Global Bromine- and Iodine-Mediated Tropospheric Ozone Loss Estimated Using the...

Sekiya, T., Y. Kanaya, K. Sudo, F. Taketani, Y. Iwamoto, M. N. Aita, A. Yamamoto, and K. Kawamoto (2020), Global Bromine- and Iodine-Mediated Tropospheric Ozone Loss Estimated Using the CHASER Chemical Transport Model, Sola, 16, 220−227, doi:10.2151/sola.2020-037.

We quantified the global bromine- and iodine-mediated tropospheric ozone loss using global chemical transport model simulations. We tested three datasets of very short-lived substances (VSLS) emissions, three datasets of sea surface iodide concentrations, and an explicit representation of the effects of multiphase reactions at the air-sea boundary on dry deposition. We then determined optimal model settings based on the evaluation using the ship-borne and aircraft-campaign observations over the ocean. Our evaluation suggested that the explicit representation of multiphase reaction effects substantially reduced model biases of ozone in the lower troposphere (up to 11%). Moreover, the impacts of using different datasets of VSLS emissions and sea-surface iodide concentrations were relatively small. The global bromine- and iodine-mediated chemical ozone losses were estimated to account for 4% and 17% of the total chemical loss, respectively, while the global iodine-mediated dry deposition loss of ozone was estimated to account for 22% of the global total dry deposition. These bromine- and iodine-mediated ozone losses decreased surface ozone concentrations over the ocean by 10% and 23%, respectively. The observational constraint on model simulations made by this study supports that bromine and iodine substantially impact global tropospheric ozone through atmospheric chemical reactions and dry deposition processes.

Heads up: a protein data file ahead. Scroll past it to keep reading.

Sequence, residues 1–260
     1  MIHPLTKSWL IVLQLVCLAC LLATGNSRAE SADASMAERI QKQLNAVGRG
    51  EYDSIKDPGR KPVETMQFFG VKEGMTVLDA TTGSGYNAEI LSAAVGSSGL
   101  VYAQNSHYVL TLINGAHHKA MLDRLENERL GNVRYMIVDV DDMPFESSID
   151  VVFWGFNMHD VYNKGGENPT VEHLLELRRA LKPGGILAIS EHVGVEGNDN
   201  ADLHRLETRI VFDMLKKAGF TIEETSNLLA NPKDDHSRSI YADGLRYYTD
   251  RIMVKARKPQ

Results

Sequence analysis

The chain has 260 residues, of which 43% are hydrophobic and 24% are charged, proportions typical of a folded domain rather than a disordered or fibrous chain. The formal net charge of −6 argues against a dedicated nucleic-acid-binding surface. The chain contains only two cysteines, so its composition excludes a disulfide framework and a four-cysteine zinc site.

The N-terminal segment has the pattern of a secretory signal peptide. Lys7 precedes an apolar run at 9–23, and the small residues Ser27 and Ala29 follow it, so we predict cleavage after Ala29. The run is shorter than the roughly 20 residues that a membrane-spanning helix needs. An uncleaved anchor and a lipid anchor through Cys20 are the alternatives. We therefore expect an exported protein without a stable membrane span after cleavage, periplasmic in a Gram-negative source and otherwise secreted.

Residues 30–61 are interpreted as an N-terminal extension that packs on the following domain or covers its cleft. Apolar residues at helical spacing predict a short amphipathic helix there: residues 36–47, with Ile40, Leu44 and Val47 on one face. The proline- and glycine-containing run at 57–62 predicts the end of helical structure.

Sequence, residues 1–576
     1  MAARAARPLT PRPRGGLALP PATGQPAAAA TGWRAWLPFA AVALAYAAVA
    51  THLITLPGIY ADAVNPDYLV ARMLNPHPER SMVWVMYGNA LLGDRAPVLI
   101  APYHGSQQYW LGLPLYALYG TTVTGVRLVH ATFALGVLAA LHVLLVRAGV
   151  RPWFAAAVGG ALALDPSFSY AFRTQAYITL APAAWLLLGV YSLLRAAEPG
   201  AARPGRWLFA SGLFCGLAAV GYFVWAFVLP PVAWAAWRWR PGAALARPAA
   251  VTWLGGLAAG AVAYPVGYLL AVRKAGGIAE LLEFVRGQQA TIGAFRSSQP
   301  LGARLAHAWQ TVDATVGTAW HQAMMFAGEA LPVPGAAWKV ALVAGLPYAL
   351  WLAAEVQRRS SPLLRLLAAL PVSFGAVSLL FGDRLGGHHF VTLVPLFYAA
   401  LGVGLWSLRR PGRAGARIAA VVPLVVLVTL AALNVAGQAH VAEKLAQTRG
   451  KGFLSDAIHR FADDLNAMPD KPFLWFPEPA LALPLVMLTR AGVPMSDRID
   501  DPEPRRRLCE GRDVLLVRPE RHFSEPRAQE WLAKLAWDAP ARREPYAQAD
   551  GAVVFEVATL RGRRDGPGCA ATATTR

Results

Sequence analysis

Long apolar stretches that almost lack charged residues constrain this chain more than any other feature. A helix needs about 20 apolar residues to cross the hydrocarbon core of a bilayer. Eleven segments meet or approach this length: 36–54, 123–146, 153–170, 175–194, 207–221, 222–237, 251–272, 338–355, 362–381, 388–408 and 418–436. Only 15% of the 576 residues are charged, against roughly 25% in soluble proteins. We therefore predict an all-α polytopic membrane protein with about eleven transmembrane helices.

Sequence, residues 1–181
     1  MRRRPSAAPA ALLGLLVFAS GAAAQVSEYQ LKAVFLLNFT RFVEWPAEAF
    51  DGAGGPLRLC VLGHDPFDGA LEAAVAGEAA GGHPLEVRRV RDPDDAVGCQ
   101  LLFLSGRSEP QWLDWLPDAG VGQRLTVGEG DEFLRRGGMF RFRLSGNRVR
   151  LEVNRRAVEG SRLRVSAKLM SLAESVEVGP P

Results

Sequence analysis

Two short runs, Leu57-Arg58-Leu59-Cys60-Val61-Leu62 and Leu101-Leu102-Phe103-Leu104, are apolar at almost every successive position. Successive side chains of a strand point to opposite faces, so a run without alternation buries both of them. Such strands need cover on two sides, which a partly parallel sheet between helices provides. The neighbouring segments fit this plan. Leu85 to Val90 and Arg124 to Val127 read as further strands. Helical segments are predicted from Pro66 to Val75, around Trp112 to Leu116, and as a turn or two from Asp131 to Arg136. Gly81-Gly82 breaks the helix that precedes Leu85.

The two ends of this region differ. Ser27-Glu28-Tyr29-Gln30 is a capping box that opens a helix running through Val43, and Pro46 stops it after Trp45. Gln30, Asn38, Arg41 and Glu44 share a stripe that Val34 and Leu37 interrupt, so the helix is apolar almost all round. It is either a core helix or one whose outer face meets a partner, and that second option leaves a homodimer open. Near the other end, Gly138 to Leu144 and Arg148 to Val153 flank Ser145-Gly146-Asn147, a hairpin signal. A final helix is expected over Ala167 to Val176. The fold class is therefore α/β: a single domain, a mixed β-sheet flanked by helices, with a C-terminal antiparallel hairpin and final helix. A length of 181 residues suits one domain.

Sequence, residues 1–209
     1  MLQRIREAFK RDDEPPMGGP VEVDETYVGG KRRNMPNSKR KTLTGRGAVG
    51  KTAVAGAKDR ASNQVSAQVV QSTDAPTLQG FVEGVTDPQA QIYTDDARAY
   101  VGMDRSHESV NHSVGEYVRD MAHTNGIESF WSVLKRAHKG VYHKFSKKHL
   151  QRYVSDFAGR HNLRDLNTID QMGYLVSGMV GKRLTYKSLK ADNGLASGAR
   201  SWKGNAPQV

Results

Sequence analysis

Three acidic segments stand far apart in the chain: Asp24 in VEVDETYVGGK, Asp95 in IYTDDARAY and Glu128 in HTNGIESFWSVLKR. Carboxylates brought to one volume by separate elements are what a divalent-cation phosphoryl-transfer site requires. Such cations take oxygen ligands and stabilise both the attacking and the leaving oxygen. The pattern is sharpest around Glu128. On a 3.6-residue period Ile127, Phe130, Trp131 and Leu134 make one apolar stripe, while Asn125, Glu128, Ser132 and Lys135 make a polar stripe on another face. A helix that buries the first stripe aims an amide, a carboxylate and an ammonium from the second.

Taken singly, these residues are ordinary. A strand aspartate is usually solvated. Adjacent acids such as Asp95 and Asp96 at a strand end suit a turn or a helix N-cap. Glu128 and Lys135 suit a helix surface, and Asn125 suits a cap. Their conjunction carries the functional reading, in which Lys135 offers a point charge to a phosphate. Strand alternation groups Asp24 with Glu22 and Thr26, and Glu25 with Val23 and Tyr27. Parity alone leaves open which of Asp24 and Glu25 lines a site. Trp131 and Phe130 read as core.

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Tropospheric Composition Program (TCP)